At first glance, I was captivated by the classic architecture of Adobe Guadalupe Vineyards & Inn surrounded by gardens, mountains and 60 acres of flourishing vineyards.
Persian architect Neil Haghighat designed the striking hacienda and winery influenced by traditional lodging of the Iranian desert. The graceful, geometric lines of the buildings, central courtyard and dramatic archways blend in peacefully with the contours of the Valle de Guadalupe. My visit was part of a tour hosted by the Ministry of Tourism of Baja California.
Escape to Adobe Guadalupe
In addition to the striking architecture, I was drawn to the work of many local artists sprinkled throughout the property. A magnificent heard of flying iron horses stands at the entrance and a huge angel overlooks the vineyards.
I followed Director of Operations Luis Garcia past a lovely hillside planted with rosemary and lavender to the cool confines of the stone cellar for a VIP wine tasting.
They served us the tastiest freshly harvested olives. Adobe Guadalupe produces small production olive oil from their own Mission and Manzanita olive trees.
There was a sinuous horse sculpture on display by artist Juan Sebastian Beltran. Beltran also designed the winery’s attractive wine labels. The winery was started by American banker Don Miller, now deceased and his Dutch-born wife Tru, located in Baja’s Guadalupe Valley, about 40 minutes inland from the port city of Ensenada.
Louis also talked about Don’s love of wine and Tru’s passion for horses. The property has a program for not only breeding and training Aztec horses for dressage and jumping, but uses them in an equine therapy program for children with cerebral palsy and women in need.
Discover Adobe Guadalupe Vineyards Wines
Finally, I was introduced to the impressive line of nine different wines. All are blends except for the white. Current winemaker Daniel Lonnberg is veering in the direction of using only French oak by 2018.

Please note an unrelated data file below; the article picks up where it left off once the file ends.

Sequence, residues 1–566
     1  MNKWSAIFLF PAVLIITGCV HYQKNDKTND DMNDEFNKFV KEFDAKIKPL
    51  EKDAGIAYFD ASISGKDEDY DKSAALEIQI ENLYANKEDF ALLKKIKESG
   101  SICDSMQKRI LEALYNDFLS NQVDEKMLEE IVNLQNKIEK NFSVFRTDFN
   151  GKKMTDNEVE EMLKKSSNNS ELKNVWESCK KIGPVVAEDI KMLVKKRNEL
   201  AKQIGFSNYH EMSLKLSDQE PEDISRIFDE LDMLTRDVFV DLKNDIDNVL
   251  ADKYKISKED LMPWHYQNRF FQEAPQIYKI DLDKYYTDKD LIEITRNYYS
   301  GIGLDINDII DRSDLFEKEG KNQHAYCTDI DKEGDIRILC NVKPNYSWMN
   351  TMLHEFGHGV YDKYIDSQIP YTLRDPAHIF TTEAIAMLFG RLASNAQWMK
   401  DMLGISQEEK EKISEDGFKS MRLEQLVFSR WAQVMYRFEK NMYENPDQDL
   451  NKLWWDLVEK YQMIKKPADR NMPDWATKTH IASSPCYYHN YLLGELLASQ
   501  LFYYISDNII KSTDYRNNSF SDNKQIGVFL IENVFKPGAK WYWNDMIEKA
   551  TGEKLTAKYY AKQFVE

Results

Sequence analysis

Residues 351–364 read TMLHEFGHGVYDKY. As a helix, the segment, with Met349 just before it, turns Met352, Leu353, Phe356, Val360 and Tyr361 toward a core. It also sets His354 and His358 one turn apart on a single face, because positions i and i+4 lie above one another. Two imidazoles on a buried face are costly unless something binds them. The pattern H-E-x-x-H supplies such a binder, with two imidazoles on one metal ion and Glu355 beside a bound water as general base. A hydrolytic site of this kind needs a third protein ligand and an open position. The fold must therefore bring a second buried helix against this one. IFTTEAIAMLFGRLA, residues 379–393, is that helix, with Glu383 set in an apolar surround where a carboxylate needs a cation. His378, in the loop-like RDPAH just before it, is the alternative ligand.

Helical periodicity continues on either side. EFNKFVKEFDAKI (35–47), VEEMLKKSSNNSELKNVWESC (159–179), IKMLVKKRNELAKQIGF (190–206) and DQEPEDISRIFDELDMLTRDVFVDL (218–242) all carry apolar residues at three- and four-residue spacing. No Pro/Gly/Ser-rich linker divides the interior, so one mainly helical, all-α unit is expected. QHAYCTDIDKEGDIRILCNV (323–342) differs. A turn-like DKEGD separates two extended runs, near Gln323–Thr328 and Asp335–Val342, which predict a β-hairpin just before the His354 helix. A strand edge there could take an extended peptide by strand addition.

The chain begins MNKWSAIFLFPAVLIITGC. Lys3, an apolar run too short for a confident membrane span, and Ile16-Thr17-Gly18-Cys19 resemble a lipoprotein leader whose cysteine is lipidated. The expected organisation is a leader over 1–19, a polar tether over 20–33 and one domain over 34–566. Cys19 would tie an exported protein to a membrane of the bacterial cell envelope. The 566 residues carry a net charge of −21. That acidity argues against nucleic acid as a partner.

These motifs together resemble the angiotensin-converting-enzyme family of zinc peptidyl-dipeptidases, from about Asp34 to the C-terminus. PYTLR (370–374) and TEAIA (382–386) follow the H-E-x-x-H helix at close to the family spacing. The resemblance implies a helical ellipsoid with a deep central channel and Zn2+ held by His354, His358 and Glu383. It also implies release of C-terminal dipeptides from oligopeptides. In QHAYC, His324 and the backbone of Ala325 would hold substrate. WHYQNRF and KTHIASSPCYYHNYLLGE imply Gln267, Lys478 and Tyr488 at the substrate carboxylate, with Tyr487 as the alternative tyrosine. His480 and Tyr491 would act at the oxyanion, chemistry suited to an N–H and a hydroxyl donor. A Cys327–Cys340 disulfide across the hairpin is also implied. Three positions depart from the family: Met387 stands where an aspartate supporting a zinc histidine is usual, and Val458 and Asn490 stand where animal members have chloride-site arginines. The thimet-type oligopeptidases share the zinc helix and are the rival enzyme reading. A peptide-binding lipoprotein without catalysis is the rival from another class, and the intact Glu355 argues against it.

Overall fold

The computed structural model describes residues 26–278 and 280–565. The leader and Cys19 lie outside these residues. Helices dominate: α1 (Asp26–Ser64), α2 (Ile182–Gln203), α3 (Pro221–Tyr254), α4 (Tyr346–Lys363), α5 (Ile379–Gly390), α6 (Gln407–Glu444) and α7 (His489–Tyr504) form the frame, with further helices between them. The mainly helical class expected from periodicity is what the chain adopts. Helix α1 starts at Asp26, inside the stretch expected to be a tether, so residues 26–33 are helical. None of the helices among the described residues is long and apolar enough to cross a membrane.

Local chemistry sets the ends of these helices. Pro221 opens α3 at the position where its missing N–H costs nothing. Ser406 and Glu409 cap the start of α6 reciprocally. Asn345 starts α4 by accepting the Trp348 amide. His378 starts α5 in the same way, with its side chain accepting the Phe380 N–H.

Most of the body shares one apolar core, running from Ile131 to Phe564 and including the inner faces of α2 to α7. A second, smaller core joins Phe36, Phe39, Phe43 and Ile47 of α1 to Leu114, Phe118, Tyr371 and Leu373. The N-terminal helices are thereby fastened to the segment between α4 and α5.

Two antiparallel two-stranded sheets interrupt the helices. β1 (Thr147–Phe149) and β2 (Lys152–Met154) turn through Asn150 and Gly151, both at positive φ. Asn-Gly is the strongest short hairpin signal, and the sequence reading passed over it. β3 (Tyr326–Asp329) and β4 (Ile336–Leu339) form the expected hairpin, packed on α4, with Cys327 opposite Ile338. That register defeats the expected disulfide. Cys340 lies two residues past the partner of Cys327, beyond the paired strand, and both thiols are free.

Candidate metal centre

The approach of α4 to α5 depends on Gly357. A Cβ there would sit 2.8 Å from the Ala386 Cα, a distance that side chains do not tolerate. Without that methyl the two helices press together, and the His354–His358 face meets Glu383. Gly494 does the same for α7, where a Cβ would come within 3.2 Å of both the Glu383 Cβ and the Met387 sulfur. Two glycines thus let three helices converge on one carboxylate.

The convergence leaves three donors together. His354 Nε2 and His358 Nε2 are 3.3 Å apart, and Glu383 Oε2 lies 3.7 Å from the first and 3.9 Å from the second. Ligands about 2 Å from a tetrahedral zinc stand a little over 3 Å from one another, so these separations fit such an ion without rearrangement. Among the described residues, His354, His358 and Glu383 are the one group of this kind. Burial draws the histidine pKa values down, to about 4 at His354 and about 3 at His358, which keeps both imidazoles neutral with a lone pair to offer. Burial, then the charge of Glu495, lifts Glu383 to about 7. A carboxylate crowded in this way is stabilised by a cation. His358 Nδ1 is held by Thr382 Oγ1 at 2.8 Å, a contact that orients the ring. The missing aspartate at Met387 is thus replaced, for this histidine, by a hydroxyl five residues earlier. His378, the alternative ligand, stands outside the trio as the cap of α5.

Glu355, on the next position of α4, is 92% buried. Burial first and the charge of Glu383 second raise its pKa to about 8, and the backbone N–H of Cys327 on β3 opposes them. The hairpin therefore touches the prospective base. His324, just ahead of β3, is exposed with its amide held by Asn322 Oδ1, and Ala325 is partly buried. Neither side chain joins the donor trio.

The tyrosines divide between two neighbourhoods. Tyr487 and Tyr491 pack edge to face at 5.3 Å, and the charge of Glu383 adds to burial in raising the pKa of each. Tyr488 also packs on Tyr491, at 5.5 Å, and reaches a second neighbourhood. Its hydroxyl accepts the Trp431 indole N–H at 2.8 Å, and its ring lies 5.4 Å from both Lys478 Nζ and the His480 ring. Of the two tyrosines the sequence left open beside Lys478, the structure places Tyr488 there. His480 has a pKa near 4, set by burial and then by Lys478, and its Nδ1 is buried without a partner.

Luis explained why all of the wines are named after archangels. When Don and Tru first decided to follow their dream of opening a winery, they lost their college-age son Arlo in a tragic car accident. Their original winemaker, Hugo D’Acosta, suggested they name the wines after their son’s friends. Instead, the Millers chose the names of archangels they believed surrounded Arlo in heaven.
- Uriel 2015—a rosé blend of Tempranillo, Syrah, Mourvedre, Cinsault, Barbera, Sauvignon Blanc and Grenache aged in stainless steel with notes of watermelon. It’s dry, young expressive and ready to drink now. Pair with seafood, paella or soft cheeses.
- Gabriel 2013—a red blend of Merlot, Cabernet Sauvignon and Malbec aged 11 months in French and American oak with balanced fruit, acidity and alcohol. The caramel-vanilla notes pair well with red meat, poultry and cheese.
- Karubiel 2013—a red blend of Syrah, Cinsault, Grenache and Mourverdre aged 10 months in French and American oak. Inspired by Châteauneuf-du-Pape, this is the winery’s most complex blend big on blackberry, cherry and currant flavors. Pair with pastas, cold cuts, red meat, fish and cheese.
- Serafiel 2014—a red blend of Cabernet Sauvignon and Syrah aged 10 months in French and American oak with cherry-strawberry notes that pairs well with red meat, pastas, soft cheese and fish.
- Rafael 2013—a red blend of Cabernet Sauvignon and Nebbiolo aged 11 months in French and American oak is full-bodied with big ripe berry notes. Pair with red meats, pastas and cheese.
Adobe Guadalupe Bed & Breakfast
We returned to the main house for a tour of the six-room Adobe Guadalupe Inn decorated with European flourish housing fantastic collections of crystal and Dutch clogs.
Originally designed for family and friends, the home was opened up to the public as demand for lodging increased in the Valley.
From May to October, Adobe Guadalupe runs an outdoor restaurant appropriately called El Jardin (the garden).
Every three years a different international chef takes over. Currently, an Italian chef is in charge while the last one hailed from South Africa. Guests enjoy traditional Mexican fare prepared in the hacienda’s main kitchen. Breakfast is served around a large communal farm table while dinners are available in the more formal dining room.
At the end of my visit as I sat in the shade overlooking a bubbling fountain in a tranquil courtyard, I could only imagine how wonderful it would be to stay in this magical wine country retreat one day.
It is easy to escape to the alluring Adobe Guadalupe Vineyards and Inn in Baja Mexico. Located only about 40 minutes from Ensenada, it is an ideal retreat and perfect place for great food and wine.